EMC protection of portable electronics

Discussion in 'General Electronics Chat' started by dk-info, Mar 25, 2009.

  1. dk-info

    Thread Starter New Member

    Mar 9, 2009
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    0
    I am building a hand-held serial terminal that will connect to a battery powered data logger via RS232. The physical interface is using a standard 1/8" stereo male to male extension cable from the terminal to the data logger.

    I am worried about induced voltage transients when I connect or disconnect the serial interface from the data logger. If I place a TVS on the Tx/Rx lines to the PCB zero volt potential (Ground) on either side, will this be sufficient?

    Potential sources for EMI are GPS devices, Wireless entry key fobs, RC plane transmitters, cell phones, walki-talki's, static discharge and the general EM field noise one finds out-doors.

    If the zero volt potential on the PCB is not connected to an earth ground, how does a TVS work? Where does the shunted transient energy go? I can limit the current that does flow through the Tx/Rx pair but won't the "ground" plane reflect the potential dumped into it from the TVS?

    What is the "proper" way to manage transients in portable electronics devices? My understanding of analog electronics is limited. Any insight would be appreciated.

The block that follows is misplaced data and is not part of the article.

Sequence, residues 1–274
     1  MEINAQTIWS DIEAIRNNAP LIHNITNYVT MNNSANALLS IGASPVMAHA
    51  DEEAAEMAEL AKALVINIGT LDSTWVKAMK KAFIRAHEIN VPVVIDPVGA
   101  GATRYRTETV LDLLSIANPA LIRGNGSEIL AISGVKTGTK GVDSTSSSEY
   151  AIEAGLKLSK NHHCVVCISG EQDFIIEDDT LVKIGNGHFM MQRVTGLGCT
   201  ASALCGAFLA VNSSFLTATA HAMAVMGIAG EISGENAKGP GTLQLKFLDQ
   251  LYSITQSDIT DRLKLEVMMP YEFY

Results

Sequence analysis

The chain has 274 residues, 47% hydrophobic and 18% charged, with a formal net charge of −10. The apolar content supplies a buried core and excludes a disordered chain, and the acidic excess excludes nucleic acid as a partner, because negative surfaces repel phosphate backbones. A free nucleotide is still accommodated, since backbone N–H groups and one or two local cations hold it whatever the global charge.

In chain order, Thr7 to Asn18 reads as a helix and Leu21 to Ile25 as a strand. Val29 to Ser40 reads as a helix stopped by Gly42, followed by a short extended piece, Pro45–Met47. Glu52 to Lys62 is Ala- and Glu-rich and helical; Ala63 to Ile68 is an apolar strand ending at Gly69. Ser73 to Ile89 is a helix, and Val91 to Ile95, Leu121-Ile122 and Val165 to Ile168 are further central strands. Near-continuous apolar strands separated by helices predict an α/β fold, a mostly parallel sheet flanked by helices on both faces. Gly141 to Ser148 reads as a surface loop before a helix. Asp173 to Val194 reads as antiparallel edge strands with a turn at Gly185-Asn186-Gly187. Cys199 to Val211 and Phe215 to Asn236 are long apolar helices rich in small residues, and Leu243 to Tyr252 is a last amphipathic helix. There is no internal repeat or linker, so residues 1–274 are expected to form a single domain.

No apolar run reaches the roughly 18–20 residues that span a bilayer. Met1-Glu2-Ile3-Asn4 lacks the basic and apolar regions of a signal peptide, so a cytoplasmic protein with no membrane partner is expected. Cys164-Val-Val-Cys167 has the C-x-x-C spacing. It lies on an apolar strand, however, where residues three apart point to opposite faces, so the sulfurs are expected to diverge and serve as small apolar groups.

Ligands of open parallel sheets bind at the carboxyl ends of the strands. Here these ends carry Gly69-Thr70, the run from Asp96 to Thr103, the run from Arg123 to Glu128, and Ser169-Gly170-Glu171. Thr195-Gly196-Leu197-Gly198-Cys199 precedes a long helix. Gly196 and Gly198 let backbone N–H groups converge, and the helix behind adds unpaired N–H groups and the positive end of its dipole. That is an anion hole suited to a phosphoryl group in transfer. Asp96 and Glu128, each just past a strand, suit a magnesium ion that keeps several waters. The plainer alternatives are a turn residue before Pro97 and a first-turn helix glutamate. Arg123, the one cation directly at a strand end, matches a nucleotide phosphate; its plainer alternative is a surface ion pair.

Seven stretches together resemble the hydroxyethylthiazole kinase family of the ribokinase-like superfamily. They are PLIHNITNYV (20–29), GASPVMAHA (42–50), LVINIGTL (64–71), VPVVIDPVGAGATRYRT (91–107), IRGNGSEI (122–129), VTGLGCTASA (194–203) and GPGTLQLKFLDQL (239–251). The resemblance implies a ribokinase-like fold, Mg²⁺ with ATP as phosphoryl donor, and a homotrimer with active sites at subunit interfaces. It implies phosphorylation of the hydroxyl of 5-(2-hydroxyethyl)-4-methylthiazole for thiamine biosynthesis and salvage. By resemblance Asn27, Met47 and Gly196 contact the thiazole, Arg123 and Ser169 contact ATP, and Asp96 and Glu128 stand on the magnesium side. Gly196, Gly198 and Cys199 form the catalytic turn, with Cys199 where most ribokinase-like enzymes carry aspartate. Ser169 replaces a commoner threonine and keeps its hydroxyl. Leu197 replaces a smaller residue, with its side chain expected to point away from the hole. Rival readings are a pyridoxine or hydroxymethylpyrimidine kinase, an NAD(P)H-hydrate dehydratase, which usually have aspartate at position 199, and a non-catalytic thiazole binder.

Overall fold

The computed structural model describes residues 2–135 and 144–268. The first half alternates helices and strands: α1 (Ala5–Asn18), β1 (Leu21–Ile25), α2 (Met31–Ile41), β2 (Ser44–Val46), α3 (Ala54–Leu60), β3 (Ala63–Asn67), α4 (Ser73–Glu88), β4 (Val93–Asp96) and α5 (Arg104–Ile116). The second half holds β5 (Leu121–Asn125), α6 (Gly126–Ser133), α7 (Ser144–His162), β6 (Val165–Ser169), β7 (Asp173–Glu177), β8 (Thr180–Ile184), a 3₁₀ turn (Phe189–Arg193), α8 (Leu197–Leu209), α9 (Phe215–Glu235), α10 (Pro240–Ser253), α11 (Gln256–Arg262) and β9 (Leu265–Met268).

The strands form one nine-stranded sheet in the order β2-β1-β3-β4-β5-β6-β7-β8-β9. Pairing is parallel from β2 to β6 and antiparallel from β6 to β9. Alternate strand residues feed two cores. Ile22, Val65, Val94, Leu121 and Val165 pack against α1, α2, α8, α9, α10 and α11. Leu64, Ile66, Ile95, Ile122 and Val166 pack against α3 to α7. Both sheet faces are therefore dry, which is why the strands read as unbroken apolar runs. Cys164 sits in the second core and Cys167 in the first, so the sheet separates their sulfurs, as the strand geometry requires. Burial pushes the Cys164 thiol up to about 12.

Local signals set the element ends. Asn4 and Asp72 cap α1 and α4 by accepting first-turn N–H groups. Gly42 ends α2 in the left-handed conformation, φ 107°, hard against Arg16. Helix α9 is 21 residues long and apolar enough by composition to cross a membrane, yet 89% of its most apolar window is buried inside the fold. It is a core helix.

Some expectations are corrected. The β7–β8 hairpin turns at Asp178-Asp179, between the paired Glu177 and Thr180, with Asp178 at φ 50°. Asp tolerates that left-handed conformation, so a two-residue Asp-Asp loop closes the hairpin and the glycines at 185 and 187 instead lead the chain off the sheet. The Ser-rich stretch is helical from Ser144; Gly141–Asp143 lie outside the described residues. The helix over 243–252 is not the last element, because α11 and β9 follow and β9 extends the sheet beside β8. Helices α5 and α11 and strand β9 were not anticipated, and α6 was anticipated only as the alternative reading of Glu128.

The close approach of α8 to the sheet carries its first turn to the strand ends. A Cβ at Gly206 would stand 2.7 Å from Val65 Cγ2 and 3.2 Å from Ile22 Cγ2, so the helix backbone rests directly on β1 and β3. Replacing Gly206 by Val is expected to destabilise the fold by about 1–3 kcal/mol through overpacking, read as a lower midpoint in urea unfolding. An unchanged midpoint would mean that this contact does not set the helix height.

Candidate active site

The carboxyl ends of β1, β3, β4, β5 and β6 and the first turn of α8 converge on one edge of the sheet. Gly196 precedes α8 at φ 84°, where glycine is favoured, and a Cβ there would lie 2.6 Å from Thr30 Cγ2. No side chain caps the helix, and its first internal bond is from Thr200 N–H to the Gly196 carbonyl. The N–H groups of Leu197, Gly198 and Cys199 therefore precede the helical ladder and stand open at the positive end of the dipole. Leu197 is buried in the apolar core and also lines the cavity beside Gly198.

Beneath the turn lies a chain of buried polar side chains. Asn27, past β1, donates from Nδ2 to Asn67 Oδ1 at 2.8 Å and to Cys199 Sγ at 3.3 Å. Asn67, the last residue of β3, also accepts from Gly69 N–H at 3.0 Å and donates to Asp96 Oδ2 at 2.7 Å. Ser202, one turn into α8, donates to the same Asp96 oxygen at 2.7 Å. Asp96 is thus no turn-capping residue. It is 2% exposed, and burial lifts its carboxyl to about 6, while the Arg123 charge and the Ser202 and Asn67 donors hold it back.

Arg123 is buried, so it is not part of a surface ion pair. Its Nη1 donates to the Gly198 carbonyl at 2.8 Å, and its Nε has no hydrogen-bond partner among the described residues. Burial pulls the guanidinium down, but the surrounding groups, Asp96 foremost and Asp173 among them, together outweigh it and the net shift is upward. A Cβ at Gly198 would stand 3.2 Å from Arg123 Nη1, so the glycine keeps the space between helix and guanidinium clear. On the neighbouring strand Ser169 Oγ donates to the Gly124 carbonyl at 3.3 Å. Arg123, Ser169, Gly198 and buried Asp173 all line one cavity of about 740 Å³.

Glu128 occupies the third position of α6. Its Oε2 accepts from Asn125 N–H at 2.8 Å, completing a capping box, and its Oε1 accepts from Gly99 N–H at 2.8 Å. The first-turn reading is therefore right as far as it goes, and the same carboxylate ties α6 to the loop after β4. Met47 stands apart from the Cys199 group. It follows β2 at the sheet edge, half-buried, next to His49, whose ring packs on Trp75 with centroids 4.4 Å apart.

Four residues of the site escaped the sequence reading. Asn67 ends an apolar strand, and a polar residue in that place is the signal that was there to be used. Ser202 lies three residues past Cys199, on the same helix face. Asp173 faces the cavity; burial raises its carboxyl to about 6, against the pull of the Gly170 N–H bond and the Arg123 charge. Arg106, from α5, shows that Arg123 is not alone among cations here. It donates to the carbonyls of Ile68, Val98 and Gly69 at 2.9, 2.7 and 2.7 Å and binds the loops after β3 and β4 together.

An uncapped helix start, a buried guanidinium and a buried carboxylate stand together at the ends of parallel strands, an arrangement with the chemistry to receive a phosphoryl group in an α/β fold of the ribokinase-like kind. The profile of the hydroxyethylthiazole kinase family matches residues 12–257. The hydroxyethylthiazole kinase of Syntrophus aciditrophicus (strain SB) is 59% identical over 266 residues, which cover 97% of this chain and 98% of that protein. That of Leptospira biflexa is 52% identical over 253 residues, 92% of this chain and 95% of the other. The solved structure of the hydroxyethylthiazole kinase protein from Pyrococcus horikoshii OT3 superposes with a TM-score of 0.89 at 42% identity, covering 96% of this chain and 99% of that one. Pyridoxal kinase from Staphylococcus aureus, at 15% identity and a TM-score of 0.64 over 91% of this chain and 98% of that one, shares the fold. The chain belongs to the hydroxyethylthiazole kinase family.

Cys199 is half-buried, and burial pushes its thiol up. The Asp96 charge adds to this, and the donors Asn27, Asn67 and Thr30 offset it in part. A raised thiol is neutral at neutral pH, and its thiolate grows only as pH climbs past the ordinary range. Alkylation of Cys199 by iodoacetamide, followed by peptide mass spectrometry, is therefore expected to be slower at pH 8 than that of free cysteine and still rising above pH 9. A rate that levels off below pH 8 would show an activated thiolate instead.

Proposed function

David
     
  2. thatoneguy

    AAC Fanatic!

    Feb 19, 2009
    6,357
    718
    The most common method is to use an opto-isolator on the lines. Interference is only bad data rather than a ruined circuit.

    Is this using 5V logic, or full RS-232 with +/- 12V signaling? There are isolators built specifically for each.
     
  3. dk-info

    Thread Starter New Member

    Mar 9, 2009
    8
    0
    I am using a 3V MAX3319, which puts out +- 4V from the charge pump. The literature claims RS232 compatible output. From a simple point of view, it works with my PC and the controller (another MAX3319) it connects to.

    David
     
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